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Calculus & The Reform Movement

Genesis of the Calculus Reform Movement
AP Calculus and the Reform Movement

Genesis of the Calculus Reform Movement
The calculus curriculum for college undergraduates first came under friendly national fire in June of 1983 at a Sloan Foundation-sponsored conference at Williamstown College. The organizers of that conference felt that the modern applications of mathematics, particularly those inspired by computer programming, had created a need for more finite mathematics in the core undergraduate curriculum and that calculus was consequently too narrow a focus for the first two years of college study. While the idea of replacing calculus with discrete topics was not widely accepted at that time, the challenge to the status quo did inspire the defenders of calculus to admit that their own house needed serious cleaning. The result was another Sloan conference in 1986, this one at Tulane University, to discuss the creation of a "lean and lively calculus" to meet the needs of the twenty-first century. It was that conference that kicked off the calculus reform movement that continues unabated (albeit not unchallenged) today.

All 25 participants at the Tulane Conference were prominent mathematicians, drawn to that historic discussion by their common concern for undergraduate mathematics education. One of them, Katherine Layton, was a high school teacher. Her credentials for inclusion in that group were many, including membership on the Mathematical Sciences Education Board of the National Research Council. But the journey that led her to that college table had begun at her high school desk some 20 years earlier when she started teaching AP Calculus. In addition to Katherine Layton, there were six other participants who had some involvement with the AP Program along the way, and two of them (John Kenelly of Clemson University and Thomas Tucker of Colgate University) had even chaired the AP Calculus Development Committee.

The follow-up to the Tulane conference was a national colloquium on Calculus for a New Century, held in Washington, D. C. under the joint sponsorship of the National Research Council and the Mathematical Association of America. There were more than 600 participants at that meeting, and AP teachers were again a significant presence, contributing several papers to the proceedings. It was apparent from the beginning that AP Calculus would have its own role to play in the reform movement, although only a few (and perhaps only John Kenelly) would have predicted in those early stages how significant that role would be.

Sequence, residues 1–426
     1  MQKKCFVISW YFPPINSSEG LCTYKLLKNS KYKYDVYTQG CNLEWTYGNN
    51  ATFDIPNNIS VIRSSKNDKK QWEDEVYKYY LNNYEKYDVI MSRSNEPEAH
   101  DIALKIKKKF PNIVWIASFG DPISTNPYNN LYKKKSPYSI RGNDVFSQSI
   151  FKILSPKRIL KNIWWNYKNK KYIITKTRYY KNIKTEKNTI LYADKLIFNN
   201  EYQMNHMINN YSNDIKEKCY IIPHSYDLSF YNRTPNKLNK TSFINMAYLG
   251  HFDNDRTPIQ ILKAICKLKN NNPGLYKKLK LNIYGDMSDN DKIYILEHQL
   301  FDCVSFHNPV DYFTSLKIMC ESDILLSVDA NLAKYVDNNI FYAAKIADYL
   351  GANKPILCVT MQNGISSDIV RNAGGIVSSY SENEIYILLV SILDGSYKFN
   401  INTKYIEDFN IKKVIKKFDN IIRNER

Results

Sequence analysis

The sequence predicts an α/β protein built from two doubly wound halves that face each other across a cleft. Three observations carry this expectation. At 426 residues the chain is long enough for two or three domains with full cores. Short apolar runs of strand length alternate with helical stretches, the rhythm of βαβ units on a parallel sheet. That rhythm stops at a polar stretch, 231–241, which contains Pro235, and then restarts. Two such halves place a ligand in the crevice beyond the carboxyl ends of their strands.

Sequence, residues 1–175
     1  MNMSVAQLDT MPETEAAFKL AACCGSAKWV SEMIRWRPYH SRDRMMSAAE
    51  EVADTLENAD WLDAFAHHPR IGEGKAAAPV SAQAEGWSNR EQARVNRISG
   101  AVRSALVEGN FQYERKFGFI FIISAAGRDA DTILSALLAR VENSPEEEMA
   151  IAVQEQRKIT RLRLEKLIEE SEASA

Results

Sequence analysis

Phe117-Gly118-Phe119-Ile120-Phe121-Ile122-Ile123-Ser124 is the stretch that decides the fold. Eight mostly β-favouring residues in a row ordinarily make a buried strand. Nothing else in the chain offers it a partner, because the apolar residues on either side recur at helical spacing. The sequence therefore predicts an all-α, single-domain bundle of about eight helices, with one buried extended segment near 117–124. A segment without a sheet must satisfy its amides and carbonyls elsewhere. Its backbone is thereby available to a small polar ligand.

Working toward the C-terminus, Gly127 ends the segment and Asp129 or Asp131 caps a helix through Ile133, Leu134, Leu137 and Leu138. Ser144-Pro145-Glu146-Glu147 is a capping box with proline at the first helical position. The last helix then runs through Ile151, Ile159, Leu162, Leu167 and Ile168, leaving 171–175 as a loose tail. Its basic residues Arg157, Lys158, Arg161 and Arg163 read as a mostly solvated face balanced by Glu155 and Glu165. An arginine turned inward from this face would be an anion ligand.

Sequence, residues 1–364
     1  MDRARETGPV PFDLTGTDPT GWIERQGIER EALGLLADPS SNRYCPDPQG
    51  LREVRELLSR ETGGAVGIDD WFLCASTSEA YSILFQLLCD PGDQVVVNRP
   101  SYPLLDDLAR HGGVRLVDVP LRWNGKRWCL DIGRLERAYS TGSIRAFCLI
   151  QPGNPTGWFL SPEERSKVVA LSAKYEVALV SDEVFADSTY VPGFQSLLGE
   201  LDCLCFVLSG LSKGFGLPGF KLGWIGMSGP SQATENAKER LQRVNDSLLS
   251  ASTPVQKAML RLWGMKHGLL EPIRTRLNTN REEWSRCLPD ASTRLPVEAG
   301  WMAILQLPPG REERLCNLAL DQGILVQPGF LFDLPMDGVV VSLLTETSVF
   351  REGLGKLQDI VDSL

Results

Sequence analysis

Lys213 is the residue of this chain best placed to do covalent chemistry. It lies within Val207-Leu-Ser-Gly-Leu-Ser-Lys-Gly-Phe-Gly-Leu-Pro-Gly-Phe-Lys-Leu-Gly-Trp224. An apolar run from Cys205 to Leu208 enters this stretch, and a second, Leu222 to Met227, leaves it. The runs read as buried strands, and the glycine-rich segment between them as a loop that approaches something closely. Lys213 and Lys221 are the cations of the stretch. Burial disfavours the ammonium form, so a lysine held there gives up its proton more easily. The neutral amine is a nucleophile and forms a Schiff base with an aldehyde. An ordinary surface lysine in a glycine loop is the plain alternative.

AP Calculus and the Reform Movement In some sense AP Calculus has been a reform movement from the very beginning, founded as it is on the once-revolutionary premise that high school students really can learn calculus.

Does the AP Program effect change?
Some reform enthusiasts have been dismayed that the AP Program has not played more of a leadership role in fomenting change on a national scale (something which it is almost uniquely positioned to do), but they tend to underestimate the dilemma that is created by the AP mission itself, which is predicated on the supposition that the high school AP courses are equivalent to the college courses they emulate. Given the pace of change in the colleges and universities, particularly when measured on a national scale, this has had an obviously tempering influence on the extent to which the AP Program can effect change.

AP Quickly Reflects Change
On the other hand, this phenomenon is nicely balanced by how quickly the AP Program can reflect change. The AP Calculus Development Committee is composed of three secondary and four college mathematicians who have been chosen from a national pool of very dedicated and highly competent teachers. Each typically serves for three years, infusing the Program with fresh ideas and a great deal of hard work, influencing the dedicated and highly competent teachers of the AP students who eventually show up as the best and the brightest in every university's classrooms. If a reform project is working, there is no more fertile ground in which the idea can be planted than the AP community. So even though the calculus reform movement began as a college-level phenomenon, there has been nothing passive about the AP involvement. Decisions made by the AP Calculus Development Committee have influenced calculus reform, and ideas from the calculus reform projects have influenced the Committee.

Putting Recommendations into Practice
When the college community formed the Committee on the Undergraduate Program in Mathematics (CUPM) and charged them to design the curriculum for the first two years of college mathematics, the textbook authors took note of their recommendations as expected. But who first put them into use on a national scale? The AP Calculus program, with the course descriptions we know today as Calculus AB and Calculus BC. And when the 1986 Tulane Conference challenged the mathematics community to reform undergraduate calculus courses, they discussed a timetable of pilot programs and textbook development that they hoped could produce significant national change by 1990. Less than four months after the conference, Thomas Tucker and the AP Calculus Development Committee had drafted a position paper that envisioned concomitant changes in AP Calculus as college reforms would gain acceptance. "Although it is not the role of the AP Program [AP Calculus] to lead this reform," the paper noted, "we must be ready to anticipate changes and respond to them."

The Committee did indeed watch and anticipate for a while, but in 1989 it began moving toward a decision that would, at least in one significant area of reform, put AP Calculus in the lead.


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